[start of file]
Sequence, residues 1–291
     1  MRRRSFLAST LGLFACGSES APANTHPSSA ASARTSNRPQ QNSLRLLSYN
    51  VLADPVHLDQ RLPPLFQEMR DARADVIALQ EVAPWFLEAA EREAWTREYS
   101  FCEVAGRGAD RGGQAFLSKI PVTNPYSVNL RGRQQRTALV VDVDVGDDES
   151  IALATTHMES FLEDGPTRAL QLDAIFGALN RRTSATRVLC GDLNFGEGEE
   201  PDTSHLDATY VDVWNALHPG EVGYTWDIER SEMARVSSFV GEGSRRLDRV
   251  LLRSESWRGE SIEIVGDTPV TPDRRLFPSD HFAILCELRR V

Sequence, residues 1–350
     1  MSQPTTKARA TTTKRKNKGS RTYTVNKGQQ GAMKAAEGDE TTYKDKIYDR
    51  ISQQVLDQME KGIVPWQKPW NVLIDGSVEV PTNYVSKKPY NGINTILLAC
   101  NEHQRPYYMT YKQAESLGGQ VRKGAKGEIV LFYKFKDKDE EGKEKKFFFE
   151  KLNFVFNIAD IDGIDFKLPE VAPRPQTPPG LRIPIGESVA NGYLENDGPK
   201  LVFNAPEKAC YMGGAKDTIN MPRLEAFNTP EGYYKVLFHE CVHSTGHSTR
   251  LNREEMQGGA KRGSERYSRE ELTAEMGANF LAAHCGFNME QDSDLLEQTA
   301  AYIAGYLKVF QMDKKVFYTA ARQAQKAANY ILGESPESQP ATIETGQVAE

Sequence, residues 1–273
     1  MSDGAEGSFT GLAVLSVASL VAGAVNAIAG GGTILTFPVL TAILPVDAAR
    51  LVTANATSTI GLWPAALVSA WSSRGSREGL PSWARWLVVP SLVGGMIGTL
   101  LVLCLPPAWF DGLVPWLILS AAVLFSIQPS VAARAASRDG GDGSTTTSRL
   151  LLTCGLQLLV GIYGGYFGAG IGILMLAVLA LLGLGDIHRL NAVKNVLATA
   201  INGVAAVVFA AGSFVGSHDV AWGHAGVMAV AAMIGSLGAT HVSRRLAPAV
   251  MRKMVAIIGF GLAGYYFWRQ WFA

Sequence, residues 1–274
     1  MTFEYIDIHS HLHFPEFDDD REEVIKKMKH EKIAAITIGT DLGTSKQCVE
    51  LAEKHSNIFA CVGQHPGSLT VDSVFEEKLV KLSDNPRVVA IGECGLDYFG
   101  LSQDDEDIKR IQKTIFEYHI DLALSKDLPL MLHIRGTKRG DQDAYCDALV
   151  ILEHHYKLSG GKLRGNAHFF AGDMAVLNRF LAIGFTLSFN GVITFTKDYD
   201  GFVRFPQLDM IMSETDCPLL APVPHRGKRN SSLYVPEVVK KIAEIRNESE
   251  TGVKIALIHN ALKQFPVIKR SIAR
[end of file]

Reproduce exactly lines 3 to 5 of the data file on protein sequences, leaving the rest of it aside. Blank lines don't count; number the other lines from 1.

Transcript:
    51  VLADPVHLDQ RLPPLFQEMR DARADVIALQ EVAPWFLEAA EREAWTREYS
   101  FCEVAGRGAD RGGQAFLSKI PVTNPYSVNL RGRQQRTALV VDVDVGDDES
   151  IALATTHMES FLEDGPTRAL QLDAIFGALN RRTSATRVLC GDLNFGEGEE